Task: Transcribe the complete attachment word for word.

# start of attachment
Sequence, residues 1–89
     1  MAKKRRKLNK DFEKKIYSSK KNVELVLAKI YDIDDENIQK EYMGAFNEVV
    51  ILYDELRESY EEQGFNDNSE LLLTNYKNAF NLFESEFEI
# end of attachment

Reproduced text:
Sequence, residues 1–89
     1  MAKKRRKLNK DFEKKIYSSK KNVELVLAKI YDIDDENIQK EYMGAFNEVV
    51  ILYDELRESY EEQGFNDNSE LLLTNYKNAF NLFESEFEI